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I love to eat, I love to feed people, and I'm a great cook. I joked with my friends that I wanted to write a book where desserts had to be extensively researched, since I have a terrible sweet tooth. My particular downfall is cake.
I did know that the book would end with a mind-boggling trial, but I didn't know exactly how it would turn out. I like a little suspense when I am writing, too.
Sometimes we misunderstand what films can do. We just throw a whole book in there, with people just talking, talking, and talking. The picture can tell, the frame can tell.
I always do book signings with the same blue pen. That way, if I add a personalised message to a book I've already signed, it'll be in the same colour as my signature.
Being on 'Idol,' you have no choice but to be an open book.
Even before I competed in the Olympics, I always wanted to write a book.
My first book, 'In Praise of Slowness,' examines how the world got stuck in fast-forward and chronicles a global trend towards putting on the brakes. That trend is called the Slow movement. 'Slow' in this context does not mean doing everything at a snail's pace. It means doing everything at the right speed.
You won't see me writing about particle physics, or even planetary geology, or chemistry. I practically failed chemistry, and if I had to write a book in any of those areas, I don't think it would go well.
It's funny, I don't know where I would place myself in the literary landscape. I really just write the book that I would want to read. I put on the blinders, and I really - it is, for me, that simple.
I can never tell ahead of time which book will give me trouble - some balk every step of the way, others seem to write themselves - but certainly the mechanics of writing, finding the time and the psychic space, are easier now that my children are grown.
I still get enormous pleasure and a sense of fulfillment out of writing a book that I'm proud of. I see myself as a bit like a jewel-maker who can sit back and admire his work.
I would have never wanted to write another management book. There are so many of them, and everybody says the same thing about them, and they are all the same - they give the exact same advice. It's like a diet book; they all say eat less calories, exercise more, and every single book has the same conclusion.
When I go back to the core of my childhood, my cousin Lucy seems always to be in the peripheral vision of my memories. She is off to one side, always off to one side, with a book, with a scheme or a project or an enterprise.
I want my words to survive translation. I know when I write a book now I will have to go and spend three days being intensely interrogated by journalists in Denmark or wherever. That fact, I believe, informs the way I write - with those Danish journalists leaning over my shoulder.
I don't tweet, Twitter, email, Facebook, look book, no kind of book. I have a land line phone at my home - that's the only phone I have. If my phone rang every day like everyone else around me, I would lose my mind.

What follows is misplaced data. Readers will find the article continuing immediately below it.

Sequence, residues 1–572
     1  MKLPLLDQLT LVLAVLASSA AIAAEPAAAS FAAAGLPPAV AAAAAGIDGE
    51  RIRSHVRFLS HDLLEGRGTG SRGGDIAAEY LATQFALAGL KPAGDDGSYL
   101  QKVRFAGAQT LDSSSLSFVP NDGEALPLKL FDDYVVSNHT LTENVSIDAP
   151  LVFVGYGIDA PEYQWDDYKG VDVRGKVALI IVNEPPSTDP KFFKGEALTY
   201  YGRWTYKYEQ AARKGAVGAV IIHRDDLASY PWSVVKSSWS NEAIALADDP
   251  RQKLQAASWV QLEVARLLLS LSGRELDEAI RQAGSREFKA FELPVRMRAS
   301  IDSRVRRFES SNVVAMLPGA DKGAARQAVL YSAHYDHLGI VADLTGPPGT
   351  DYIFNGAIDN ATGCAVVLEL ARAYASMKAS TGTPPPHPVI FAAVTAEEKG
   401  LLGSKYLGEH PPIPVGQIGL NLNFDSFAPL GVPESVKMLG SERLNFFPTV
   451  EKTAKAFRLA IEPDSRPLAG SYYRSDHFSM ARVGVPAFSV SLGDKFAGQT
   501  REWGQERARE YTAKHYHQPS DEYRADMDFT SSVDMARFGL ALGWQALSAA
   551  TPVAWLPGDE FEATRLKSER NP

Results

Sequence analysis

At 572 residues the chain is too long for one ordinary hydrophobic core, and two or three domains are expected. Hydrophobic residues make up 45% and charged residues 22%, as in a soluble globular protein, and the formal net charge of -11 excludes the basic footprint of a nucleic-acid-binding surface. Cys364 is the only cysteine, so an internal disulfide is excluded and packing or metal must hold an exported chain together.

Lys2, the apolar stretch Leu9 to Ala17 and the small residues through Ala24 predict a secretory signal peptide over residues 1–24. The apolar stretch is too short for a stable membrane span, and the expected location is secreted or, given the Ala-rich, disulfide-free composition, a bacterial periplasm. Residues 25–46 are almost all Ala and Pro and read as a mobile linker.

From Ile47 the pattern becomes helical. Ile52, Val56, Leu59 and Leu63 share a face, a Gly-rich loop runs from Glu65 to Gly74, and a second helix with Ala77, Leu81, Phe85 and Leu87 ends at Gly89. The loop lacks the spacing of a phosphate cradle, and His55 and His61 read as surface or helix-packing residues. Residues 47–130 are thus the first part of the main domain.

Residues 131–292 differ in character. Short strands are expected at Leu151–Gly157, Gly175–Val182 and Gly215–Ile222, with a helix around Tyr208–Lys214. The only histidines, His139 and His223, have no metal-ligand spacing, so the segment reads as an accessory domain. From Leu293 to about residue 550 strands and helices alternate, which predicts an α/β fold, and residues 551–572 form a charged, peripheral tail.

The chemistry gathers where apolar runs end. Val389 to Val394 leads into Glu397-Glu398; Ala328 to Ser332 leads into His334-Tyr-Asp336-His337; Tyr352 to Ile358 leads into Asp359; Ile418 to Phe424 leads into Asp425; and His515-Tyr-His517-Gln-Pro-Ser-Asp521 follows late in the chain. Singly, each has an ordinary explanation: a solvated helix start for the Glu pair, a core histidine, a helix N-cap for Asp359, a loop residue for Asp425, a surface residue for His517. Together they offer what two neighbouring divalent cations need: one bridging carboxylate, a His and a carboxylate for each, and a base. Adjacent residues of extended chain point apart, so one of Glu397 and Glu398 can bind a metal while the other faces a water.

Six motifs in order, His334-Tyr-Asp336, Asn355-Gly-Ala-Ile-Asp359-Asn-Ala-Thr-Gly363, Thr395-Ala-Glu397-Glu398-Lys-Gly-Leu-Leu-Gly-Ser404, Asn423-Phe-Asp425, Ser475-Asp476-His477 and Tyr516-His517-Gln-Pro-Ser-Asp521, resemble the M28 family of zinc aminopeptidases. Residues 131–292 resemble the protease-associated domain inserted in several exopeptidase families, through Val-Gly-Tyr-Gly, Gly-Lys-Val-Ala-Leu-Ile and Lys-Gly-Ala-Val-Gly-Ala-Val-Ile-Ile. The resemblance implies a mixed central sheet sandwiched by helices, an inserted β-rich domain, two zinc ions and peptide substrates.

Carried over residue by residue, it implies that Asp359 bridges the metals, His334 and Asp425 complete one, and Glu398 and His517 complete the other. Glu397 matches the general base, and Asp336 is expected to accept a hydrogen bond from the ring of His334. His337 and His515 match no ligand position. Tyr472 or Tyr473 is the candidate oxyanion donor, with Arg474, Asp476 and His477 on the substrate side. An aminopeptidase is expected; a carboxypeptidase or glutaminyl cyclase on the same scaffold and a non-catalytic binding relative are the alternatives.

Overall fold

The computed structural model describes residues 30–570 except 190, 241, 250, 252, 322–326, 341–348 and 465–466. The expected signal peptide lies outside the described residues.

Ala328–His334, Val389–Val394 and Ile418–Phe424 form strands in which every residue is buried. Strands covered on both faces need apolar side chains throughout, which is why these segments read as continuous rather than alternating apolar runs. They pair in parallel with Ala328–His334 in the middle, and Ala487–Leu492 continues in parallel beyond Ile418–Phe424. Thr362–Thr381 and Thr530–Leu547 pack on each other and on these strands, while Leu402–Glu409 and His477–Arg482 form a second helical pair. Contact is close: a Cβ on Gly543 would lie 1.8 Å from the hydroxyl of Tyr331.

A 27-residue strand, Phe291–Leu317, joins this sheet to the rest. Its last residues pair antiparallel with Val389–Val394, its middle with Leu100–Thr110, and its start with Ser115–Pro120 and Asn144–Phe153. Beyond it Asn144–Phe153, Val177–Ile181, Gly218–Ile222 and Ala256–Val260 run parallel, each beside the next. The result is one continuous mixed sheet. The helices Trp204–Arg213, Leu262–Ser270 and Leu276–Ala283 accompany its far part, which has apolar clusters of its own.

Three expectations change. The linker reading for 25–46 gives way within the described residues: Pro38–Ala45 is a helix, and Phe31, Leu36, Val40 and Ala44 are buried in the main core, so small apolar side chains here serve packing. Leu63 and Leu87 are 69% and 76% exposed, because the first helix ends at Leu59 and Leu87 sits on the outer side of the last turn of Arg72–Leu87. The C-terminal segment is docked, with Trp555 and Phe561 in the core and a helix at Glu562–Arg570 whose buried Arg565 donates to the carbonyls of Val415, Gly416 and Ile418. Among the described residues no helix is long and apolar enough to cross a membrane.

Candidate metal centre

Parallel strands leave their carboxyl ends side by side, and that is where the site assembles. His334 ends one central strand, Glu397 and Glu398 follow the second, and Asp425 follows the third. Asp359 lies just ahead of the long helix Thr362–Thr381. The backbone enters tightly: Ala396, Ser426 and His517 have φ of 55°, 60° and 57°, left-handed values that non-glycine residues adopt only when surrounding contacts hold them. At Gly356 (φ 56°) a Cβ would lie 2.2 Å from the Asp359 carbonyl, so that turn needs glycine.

The truly great books are always novels: 'Anna Karenina,' 'The Brothers Karamazov,' 'The Magic Mountain.' Just as with 'Shahnameh,' I browse these books from time to time to remember how a great book works on us or to teach my students at Columbia University.
I think 'The Giver' is such a moral book, so filled with important truths, that I couldn't believe anyone would want to suppress it, to keep it from kids.
My son has been known to throw a book at the television set when he called for me to come play and I was obviously busy in the box. But I'm told that children of television performers grow up thinking that all mommies or daddies work on TV and that it's no big deal.
All my life, I have taken inventory at intervals. For example, when I became a movie actor and suddenly I had to deal with fame, money and playing so many roles, I lost myself. I said, 'Who am I?' And I wrote my first book to deal with that, 'The Ragman's Son.'
Also, I had read a book called She's Not There: A Life in Two Genders, written by a professor who had gone through transgender surgery, but it took this person well into his thirties to come to terms with the absolute necessity of having to do it.
What we know is smartphones are everywhere and they are rich in data. What we know is that there are apps once downloaded by the consumer that will also in turn download the consumers' contact book. Most consumers don't want that to happen and don't know it's happening.
'StrengthsFinder 2.0' is an effort to get the core message and language out to a much broader audience. We had no idea how well received the first strengths book would be by general readers - it was oriented more toward managers - or that the energy and excitement would continue to grow.
'Orphan Black' allows for people to have debates and theories and allegiances to different characters - to trust characters and hate other characters - but it doesn't tell you who is good or bad or right or wrong. That's the most exciting storytelling, in my book.
The Guinness book is a very elitist organization. There's nothing scientific about what they do. They just have an office full of people who decide what is a record and what isn't.
My next book is on the Salem witch trials. As a small-town Massachusetts girl, this makes me very happy. So does the reunion with documents!
C. S. Lewis
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